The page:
At a special event at the United Nations, Cardinal Vincent Nichols today stressed to delegates that the cornerstone of the fight to eradicate human trafficking is effective international cooperation at all levels. He was speaking at a special Side Event at the UN’s New York headquarters jointly organised by the Permanent Observer Mission of the Holy See to the UN and the Santa Marta Group.
The UN member states have made a commitment to “eliminate all forms of violence against all women and girls in the public and private spheres, including trafficking and sexual and other types of exploitation,” “take immediate and effective measures to eradicate forced labour, end modern slavery and human trafficking,” and “end abuse, exploitation, trafficking and all forms of violence against and torture of children” by 2030.
The Cardinal spoke on behalf of the Santa Marta Group, an international network of cooperation and initiatives founded by Pope Francis in 2014 to strengthen and coordinate the global response to combatting human trafficking and all forms of modern slavery. He said: “Human trafficking and slavery radically strips a person of (God-given) fundamental dignity, reducing them to the status of a commodity. It is an evil crying out to heaven. That there are over 20 million people callously held in modern slavery in our world today is a mark of deep shame on the face of our human family that no words alone can remove.”
The Cardinal went on to discuss the work of the Santa Marta Group which “brings together the leaders of law enforcement agencies from an increasing number of countries – 36 at the last count – and the resources of the Catholic Church, in order to fashion shared alliances of effective action in the fight against human slavery.”
He cited one root of this movement as a remarkable partnership built in London some years ago between religious women and the London police force, Scotland Yard. “This partnership transformed the effectiveness of operations to rescue victims, care for them and pursue to prosecution the perpetrators of this horrendous crime. I realised then the effectiveness of such partnerships, especially between unlikely partners. It was the fruit of the hard work of building trust, a work made up of many demanding practical steps, requiring change in mindsets and procedures. For one thing, it was essential that the police gave to the Sisters the assurance that the victims of trafficking would not be prosecuted, but rather they would be helped.”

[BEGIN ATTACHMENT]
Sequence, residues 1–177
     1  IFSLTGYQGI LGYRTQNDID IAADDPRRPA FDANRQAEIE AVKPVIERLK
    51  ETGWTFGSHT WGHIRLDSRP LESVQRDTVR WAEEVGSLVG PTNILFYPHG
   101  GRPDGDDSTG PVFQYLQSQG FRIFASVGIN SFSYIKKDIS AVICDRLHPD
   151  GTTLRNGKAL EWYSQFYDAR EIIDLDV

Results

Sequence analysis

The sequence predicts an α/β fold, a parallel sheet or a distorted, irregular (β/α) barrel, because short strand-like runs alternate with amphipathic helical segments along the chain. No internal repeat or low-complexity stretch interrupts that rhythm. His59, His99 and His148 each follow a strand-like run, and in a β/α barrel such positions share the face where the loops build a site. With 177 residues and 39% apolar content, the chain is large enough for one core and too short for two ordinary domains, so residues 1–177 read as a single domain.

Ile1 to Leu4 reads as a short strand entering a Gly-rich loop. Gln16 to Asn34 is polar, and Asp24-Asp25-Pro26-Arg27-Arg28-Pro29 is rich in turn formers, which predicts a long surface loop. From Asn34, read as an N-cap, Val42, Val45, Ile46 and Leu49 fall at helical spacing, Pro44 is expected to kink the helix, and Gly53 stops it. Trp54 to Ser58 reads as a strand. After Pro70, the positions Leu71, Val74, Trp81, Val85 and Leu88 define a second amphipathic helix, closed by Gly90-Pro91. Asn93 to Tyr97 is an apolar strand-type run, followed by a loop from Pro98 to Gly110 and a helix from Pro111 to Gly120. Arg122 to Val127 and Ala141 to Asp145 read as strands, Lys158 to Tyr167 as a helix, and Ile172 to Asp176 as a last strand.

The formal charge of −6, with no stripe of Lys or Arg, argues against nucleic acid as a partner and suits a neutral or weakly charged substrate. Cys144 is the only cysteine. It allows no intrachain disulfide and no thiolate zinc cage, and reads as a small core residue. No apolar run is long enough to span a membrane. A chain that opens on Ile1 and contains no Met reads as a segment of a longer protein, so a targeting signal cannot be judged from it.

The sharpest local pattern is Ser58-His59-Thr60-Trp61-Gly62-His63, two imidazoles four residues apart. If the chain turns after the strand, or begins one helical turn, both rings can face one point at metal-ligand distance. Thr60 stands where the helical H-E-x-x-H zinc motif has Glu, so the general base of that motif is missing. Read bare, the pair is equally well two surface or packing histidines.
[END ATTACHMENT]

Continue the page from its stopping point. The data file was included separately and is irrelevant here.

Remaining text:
The Cardinal gave examples of successful alliances built since then through the Santa Marta organisation in different countries and continents. He added: “The core of the vision and work of Santa Marta, then, is to foster a symbiotic relationship between law enforcement and the resources of the Catholic Church in this great fight.”
He continued: “Such international partnerships require not only a shared motivation but also some clear key aims. For us they are univocal: the well-being of every victim of human trafficking, for it is the victim who must always be central to our efforts; the enhancement of the work of law enforcement: the breaking up of criminal networks, the arrest and prosecution of the perpetrators; and thirdly the strengthening of the legal frameworks within which this work is carried out.”
He added: “Pope Francis remains a central and inspiring figure. He is direct and blunt in what he expects of us – effective action on the ground which frees prisoners, comforts the victims, serves their well-being and generates new hope in a world in which there is far too much suffering, poverty and grief.”
Read full speech here:
Picture by Catholic Church/Marcin Mazur